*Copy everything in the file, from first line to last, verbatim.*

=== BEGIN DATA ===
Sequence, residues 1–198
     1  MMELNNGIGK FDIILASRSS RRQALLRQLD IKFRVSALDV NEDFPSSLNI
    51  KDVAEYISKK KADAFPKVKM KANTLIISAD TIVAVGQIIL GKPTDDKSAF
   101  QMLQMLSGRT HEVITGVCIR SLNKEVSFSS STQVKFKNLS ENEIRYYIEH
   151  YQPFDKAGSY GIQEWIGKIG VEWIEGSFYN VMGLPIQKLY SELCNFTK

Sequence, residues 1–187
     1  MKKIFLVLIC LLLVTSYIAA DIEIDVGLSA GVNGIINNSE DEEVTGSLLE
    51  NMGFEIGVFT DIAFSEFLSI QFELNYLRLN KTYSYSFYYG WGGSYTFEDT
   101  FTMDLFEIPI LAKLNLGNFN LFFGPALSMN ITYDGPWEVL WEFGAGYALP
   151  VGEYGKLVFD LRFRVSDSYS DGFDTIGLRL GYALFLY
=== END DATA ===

Sequence, residues 1–198
     1  MMELNNGIGK FDIILASRSS RRQALLRQLD IKFRVSALDV NEDFPSSLNI
    51  KDVAEYISKK KADAFPKVKM KANTLIISAD TIVAVGQIIL GKPTDDKSAF
   101  QMLQMLSGRT HEVITGVCIR SLNKEVSFSS STQVKFKNLS ENEIRYYIEH
   151  YQPFDKAGSY GIQEWIGKIG VEWIEGSFYN VMGLPIQKLY SELCNFTK

Sequence, residues 1–187
     1  MKKIFLVLIC LLLVTSYIAA DIEIDVGLSA GVNGIINNSE DEEVTGSLLE
    51  NMGFEIGVFT DIAFSEFLSI QFELNYLRLN KTYSYSFYYG WGGSYTFEDT
   101  FTMDLFEIPI LAKLNLGNFN LFFGPALSMN ITYDGPWEVL WEFGAGYALP
   151  VGEYGKLVFD LRFRVSDSYS DGFDTIGLRL GYALFLY